And one of the main causes of wrecks that lawyers miss
The Federal Motor Carrier Safety Administration, which is the federal body that makes and enforces national laws for commercial motor vehicles, is coming clean about truck driver fatigue.
In a recent published statement, U.S. Secretary of Transportation Anthony Foxx discussed truck accident deaths and the Administration’s commitment to preventing them:
“Nearly 4,000 people die in large truck crashes each year and driver fatigue is a leading factor. “
In December of 2011, the FMCSA issued a new rule to stop fatigued driving by making changes to the “hours of service” rules for truck drivers. The rule boiled down to two updated requirements, which reduced the average maximum week a driver could work from 82 hours to 70 hours:
- A 30-minute rest break within the first eight hours of their shift so they can stay alert on the road.
- The use of the 34-hour rest period, known as the “restart,” which restricted drivers to using the restart only once every seven days and required the restart period include at least two periods of rest between 1:00 a.m. and 5:00 a.m.
But truckers are still driving fatigued – and lawyers are still missing this in legal discovery
The FMSCA stated that while the new hours of service rules were designed to reduce truck accidents caused by drowsy driving, they identified further problems through studies and truck inspections:
“… a segment of the industry was often operating at the maximum hours allowed. It was also revealed that some truckers operating under the old rules were adding one full work shift per week.”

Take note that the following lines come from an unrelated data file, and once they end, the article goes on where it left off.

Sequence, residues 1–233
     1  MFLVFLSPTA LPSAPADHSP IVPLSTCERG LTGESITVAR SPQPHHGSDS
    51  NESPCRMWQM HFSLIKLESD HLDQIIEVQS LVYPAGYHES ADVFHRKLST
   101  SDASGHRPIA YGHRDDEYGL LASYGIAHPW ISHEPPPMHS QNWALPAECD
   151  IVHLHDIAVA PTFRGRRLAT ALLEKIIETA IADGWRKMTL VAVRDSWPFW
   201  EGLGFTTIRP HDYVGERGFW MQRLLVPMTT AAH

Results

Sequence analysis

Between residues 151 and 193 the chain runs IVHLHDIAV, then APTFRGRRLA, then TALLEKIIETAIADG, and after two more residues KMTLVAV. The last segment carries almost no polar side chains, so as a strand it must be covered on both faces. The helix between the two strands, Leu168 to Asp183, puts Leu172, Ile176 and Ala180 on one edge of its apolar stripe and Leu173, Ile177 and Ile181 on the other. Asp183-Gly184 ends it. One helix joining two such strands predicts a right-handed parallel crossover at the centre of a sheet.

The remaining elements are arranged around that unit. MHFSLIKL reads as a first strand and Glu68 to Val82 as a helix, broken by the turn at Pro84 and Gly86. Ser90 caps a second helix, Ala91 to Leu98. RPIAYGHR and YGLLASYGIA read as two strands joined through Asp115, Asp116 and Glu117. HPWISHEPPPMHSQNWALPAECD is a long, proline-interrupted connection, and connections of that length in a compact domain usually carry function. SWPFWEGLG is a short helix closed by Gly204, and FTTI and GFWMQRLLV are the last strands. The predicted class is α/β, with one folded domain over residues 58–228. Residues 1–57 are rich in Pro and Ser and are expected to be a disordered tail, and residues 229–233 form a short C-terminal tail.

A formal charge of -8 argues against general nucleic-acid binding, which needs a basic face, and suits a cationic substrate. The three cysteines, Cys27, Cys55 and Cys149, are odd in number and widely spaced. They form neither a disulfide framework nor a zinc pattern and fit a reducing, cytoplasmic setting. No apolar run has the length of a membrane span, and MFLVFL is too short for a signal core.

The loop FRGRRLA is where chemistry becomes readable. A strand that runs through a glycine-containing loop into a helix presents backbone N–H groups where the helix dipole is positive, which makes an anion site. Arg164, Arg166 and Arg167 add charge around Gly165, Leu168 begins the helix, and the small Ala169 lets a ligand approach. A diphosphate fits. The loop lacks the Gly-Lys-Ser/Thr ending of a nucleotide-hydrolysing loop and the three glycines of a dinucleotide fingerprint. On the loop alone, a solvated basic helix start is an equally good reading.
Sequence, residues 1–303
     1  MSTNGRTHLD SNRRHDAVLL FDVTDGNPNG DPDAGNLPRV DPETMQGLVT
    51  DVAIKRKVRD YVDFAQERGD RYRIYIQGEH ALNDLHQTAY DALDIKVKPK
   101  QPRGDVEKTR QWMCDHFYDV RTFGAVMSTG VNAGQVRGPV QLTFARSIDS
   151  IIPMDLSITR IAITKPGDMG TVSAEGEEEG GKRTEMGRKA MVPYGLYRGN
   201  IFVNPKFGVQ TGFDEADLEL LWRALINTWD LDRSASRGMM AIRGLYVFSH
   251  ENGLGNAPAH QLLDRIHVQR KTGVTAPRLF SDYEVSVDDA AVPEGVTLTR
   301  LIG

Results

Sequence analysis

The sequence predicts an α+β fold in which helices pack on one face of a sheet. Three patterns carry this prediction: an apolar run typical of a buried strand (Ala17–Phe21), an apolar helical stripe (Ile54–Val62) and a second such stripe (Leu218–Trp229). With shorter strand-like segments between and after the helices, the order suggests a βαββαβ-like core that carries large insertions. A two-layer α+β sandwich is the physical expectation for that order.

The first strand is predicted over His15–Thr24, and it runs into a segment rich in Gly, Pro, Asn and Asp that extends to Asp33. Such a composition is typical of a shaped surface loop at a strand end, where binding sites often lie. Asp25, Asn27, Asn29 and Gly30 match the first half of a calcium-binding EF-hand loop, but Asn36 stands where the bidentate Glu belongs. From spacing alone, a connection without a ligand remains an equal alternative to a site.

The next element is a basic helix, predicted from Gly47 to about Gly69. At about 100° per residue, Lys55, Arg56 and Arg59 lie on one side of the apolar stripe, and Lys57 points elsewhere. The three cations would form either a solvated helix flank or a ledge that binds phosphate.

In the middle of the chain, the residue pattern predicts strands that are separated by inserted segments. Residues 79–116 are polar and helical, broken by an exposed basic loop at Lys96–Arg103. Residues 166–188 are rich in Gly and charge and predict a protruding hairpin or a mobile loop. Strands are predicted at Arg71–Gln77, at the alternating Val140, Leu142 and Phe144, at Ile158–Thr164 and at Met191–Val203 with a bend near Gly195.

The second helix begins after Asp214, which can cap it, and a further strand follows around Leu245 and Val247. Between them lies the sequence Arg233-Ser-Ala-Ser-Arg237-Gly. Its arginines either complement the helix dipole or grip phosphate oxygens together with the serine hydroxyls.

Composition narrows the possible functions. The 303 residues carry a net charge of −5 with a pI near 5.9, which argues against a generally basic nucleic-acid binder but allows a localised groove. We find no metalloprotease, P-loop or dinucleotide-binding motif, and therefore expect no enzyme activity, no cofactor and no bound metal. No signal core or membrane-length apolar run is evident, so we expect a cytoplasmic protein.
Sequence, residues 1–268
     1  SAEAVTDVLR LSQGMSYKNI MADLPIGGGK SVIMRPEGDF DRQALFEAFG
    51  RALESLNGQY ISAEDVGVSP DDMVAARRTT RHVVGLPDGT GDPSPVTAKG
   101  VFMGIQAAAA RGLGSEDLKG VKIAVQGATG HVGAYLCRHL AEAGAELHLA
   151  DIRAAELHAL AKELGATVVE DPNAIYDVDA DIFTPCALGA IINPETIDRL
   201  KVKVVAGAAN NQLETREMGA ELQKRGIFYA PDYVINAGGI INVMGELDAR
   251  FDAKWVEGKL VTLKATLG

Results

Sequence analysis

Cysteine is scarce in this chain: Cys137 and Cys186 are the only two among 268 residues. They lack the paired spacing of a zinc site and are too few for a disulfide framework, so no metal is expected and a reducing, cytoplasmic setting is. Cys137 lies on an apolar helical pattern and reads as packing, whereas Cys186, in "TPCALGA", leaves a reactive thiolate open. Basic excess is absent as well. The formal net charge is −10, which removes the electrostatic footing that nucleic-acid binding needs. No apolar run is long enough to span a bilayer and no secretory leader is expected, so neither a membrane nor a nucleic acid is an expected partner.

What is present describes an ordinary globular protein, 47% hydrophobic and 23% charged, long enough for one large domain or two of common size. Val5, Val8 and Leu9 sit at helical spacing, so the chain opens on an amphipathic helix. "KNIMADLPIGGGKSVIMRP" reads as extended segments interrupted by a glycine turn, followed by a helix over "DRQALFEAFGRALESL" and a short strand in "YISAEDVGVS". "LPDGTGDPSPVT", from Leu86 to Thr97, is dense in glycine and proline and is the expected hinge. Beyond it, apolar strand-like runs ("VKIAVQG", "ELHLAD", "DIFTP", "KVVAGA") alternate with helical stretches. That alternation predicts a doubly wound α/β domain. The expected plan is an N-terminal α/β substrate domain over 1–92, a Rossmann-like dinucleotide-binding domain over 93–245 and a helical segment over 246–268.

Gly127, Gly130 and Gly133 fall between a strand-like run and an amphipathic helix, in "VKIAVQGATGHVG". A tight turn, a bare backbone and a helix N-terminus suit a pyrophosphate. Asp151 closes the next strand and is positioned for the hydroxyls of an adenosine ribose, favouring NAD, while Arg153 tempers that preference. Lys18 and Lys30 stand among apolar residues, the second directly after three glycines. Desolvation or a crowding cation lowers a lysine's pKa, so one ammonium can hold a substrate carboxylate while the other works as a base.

As an attorney who has been litigating truck accident cases for 20 years, and as a past-president of the American Association for Justice Interstate Truck Litigation Group, I’m familiar with the issue. Many of my more serious truck accident cases were caused when truck drivers were driving well over hours, or simply didn’t get enough rest. Foxx stated one of the serious problems with truck driver fatigue, which is its affect on truck drivers’ ability to assess situations and their own fatigue levels:
“That fatigue leads drivers to have slower reaction times and a reduced ability to assess situations quickly. One of the most dangerous elements of fatigue is how quickly it can sneak up on vehicle operators, be they car drivers or truck drivers. The research revealed that truck drivers (like most people) often can’t assess their own fatigue levels accurately and are therefore unaware that their performance has degraded. Too often, fatigued drivers fail to notice that they are drifting between lanes.”
I’ve voiced my opinion on restricting the hours of service even further. Now, there are efforts in Congress to suspend the update to the restart provision through a rider that could be included in the final Appropriations bill for the year. It would allow a segment of the trucking industry to operate an average of as many as 82 hours per week.
The FMSCA, is also strongly against this rider.